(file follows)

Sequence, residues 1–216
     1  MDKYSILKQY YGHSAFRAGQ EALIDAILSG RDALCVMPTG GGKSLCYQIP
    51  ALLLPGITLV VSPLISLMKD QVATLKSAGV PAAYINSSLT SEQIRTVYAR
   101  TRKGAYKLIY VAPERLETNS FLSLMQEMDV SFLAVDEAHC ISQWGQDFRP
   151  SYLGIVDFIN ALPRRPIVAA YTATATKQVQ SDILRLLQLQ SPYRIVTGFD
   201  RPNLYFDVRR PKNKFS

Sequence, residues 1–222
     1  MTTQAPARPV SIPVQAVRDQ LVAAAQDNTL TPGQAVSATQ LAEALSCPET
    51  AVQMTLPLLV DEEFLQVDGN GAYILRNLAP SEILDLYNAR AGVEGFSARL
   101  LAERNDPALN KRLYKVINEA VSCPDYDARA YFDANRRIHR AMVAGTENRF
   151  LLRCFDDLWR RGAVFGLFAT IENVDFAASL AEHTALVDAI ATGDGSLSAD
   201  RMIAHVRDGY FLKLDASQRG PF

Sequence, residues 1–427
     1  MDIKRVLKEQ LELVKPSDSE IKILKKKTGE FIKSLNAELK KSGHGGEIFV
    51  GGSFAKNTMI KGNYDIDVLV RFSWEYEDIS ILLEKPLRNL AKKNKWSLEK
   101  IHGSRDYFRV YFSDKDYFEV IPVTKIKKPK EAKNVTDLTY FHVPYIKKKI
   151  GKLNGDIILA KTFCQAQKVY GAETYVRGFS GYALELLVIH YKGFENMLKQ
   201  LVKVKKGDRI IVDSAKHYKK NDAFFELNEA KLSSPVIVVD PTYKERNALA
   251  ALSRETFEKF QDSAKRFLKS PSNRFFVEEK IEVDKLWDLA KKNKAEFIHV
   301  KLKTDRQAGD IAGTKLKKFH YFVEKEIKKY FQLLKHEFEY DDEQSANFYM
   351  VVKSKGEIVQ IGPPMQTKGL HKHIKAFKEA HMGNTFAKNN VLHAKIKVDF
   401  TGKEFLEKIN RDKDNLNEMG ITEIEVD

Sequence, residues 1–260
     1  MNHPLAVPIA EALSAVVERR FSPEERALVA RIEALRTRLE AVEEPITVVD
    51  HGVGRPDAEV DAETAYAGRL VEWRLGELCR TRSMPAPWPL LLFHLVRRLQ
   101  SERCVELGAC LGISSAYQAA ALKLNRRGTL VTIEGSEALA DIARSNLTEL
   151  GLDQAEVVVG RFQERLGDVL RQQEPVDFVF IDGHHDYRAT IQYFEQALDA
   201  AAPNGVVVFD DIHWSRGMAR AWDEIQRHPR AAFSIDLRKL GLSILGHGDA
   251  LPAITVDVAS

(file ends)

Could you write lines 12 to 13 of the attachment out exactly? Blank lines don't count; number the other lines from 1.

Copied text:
   201  RMIAHVRDGY FLKLDASQRG PF

Sequence, residues 1–427